Church now houses theory and
music education courses and is
also equipped with some practice
studios.
Finally, students in band or
orchestra or any part of the wind
instrument department would
meet at Harris Hall.
Public concerts sponsored by the
School of Music are held at Hill
Auditorium, Rackham lecture hall,
Lydia Mendelssohn Theatre and
Architecture Auditorium, when
these halls are free from other
University activities.
Because of the need for more
complete facilities for practice, re-
hearsals, classes, concerts, listen-
ing rooms and libraries, the arch-
itects and consultants to the Uni-
versity on the development of the
North Campus, are now engaging
in a general study of the building
needs of the music school.

1"
t/-
Y-
w-
Y-
Po-
Por

Pledge Pins
Recognition Buttons
Initiation Badges
Stationary
Programs & Favors
Wall Skins
Paddles
Greeting Cards
Awards
Gifts
Personal Jewelry
Traditional Beer Mugs
Personalized Christ-
mas Cards

Visit our store or phone
for appointment
Bob Carlson
L. G. Balfour Co
1321 South University
Phone: 3-1733

I

"Home of the Official
"Michigan Ring"

r

weber's supper club
3715 JACKSON RD.

OLD ANN ARBOR ROOM SPECIALS
SERVED FROM 9 TO 12 P.M.

Greenport Oysters on Half Shell.. .80
Fresh Shrimp Cocktail. . ....... .50
Marinated Herring ...,,.. .,.........40
Oyster Stew ...... . .............60
Welsh Rarebit with Toast................1.00
Spaghetti with Meat Sauce & Grated Cheese. 1 .00
(Rolls and Butter)

NEW SHIPMENT
OF
HANDCARVED
FIGURES AND
MASKS

Special Club Steak Sandwich ........... .
(Open face on toast with Fr. Fries and Slaw)
Chicken a la King.................... .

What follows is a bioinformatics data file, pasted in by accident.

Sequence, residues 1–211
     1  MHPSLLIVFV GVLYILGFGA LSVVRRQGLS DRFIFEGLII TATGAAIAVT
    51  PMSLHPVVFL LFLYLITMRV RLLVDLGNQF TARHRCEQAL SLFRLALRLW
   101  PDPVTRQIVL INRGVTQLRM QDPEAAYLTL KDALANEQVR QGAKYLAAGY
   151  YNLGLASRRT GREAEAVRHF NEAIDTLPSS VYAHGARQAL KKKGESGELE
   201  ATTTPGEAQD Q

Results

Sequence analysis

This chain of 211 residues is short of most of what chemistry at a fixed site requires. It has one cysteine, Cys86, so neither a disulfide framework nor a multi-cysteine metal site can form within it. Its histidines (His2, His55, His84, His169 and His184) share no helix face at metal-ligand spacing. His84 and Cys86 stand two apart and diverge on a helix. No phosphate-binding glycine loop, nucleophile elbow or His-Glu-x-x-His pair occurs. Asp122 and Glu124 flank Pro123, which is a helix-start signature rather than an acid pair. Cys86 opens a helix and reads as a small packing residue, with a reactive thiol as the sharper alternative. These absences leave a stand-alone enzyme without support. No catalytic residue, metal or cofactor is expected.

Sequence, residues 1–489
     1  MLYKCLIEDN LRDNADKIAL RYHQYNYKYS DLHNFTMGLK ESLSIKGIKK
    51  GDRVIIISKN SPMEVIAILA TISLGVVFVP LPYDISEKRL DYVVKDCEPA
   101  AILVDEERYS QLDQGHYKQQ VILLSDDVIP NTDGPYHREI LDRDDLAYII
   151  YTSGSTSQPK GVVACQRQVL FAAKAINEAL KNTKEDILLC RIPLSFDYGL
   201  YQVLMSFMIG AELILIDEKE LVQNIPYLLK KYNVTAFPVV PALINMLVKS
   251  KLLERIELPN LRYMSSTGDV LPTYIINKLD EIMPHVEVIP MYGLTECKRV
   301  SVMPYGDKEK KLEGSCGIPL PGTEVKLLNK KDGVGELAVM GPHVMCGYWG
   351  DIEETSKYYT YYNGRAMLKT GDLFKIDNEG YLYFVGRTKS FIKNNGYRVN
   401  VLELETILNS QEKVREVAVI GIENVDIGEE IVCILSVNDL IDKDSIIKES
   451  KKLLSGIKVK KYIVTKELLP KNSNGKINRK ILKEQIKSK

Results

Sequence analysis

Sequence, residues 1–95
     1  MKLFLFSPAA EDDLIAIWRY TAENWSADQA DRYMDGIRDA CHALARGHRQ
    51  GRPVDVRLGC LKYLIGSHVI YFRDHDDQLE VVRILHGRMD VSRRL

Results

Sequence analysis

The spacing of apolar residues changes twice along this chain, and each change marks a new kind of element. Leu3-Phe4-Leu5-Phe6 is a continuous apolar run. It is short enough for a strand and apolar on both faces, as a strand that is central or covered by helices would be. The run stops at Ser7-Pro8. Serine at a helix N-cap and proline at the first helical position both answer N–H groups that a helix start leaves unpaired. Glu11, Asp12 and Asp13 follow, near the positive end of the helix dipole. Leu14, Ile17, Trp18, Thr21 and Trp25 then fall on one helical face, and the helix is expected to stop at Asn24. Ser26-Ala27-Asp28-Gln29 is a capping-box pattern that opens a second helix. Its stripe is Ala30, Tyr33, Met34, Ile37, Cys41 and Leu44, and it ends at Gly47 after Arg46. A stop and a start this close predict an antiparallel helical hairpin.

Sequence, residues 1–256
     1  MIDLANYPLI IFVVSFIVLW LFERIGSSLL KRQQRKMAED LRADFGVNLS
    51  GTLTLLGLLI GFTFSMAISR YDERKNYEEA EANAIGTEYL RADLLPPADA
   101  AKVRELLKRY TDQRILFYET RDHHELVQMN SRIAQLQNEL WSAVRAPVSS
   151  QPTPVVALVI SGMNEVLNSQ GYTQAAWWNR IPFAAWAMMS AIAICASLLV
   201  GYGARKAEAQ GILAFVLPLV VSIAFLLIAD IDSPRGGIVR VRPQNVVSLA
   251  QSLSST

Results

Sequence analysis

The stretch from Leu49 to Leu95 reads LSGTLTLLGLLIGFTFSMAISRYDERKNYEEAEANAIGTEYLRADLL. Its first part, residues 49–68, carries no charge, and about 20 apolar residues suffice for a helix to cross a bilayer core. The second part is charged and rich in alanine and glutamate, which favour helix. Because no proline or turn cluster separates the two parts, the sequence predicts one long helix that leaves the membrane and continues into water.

(Served in Casserole with Fr. Fries)
French Fried Shrimps
(Served with Tartar Sauce, Rolls and Butter)
Hamburger Special...................
(With Fr. Fries and Cole Slaw)
All Steak Hamburger Sandwich......... .
Bar-B-Q Beef on Toasted Bun....... . ... .
Assorted Cheese and Crackers..... .. ...

1.75
1.25
.75
.90
.40
.35
.45

Empress Fancy Smoked Oysters with Crackers .45
FEATURING: WORLD'S FINEST
IMPORTED BEER ON TAP

INDIA ART SHOP

330 Maynard

L

- ....

I

MODERN DAY CHORUS-Last year's Opera cast learns to dance
in high heeled shoes. This chorus line represents the show's
contribution to Michigan beauty.
Union Fall Program Features
Ticket Resale,'U' Calendars

IN DAYS OF OLD-Typical "chorus girls" of the 1920's Union
Opera display the fashions of the day.

Although Not Listed
in Ithe Student Directory
VAN TYNE HOUSE OF S.Q.
wishes to announce that
it is still on Campus

i
ki
,
I

Union activities are in full swing
now, featuring many functions and
services.
Those who have submitted their
tickets for the Indiana game into
the Union for resale can pick up
their money at the student offices
between 3 p.m. and 5 p.m. daily.
Charlie Peterson, world bil-
liard trick shot artist, will give

I

v

an exhibition of fancy billiard
shots Monday at the Union
pool room. Peterson will also
give instructions Monday
through Friday on appointment.
Five new Union office managers
have been appointed for the pres-
ent semester. They are: Stan Bohr-
Miller, '54; Richard Pinkerton,
'55; and Bert Shapero, '55.



Are You Eligible?
DANCING
Friday and Saturday Nites
Dancing Saturday Afternoon
after the game.
Members
and Guests
314 E. Libgrty St.
DON BAILEY Ph. 2-3972
Your Singing Host CI.fL You Must Be 21
HALL RENTALS & .BANQUETS

. .w A &P

i

I

I I

'/

CLEANING
I HR.

SERVICE
(Cleaning While You
Wait)

GENERATION PROVIDES
AN OUTLET
FOR CREATIVE WORK IN
MUSIC
DRAMA
FICTION
ESSAY
M POETRY

hL

For The Fabrics of Today
Use the Cleaning Methods of Today

99C

DRESSES
plain
SUITS
COATS

SOC

SKIRTS
SHIRTS
SWEATERS
PANTS

ii

I

I

Ii

Back to Top

© 2021 Regents of the University of Michigan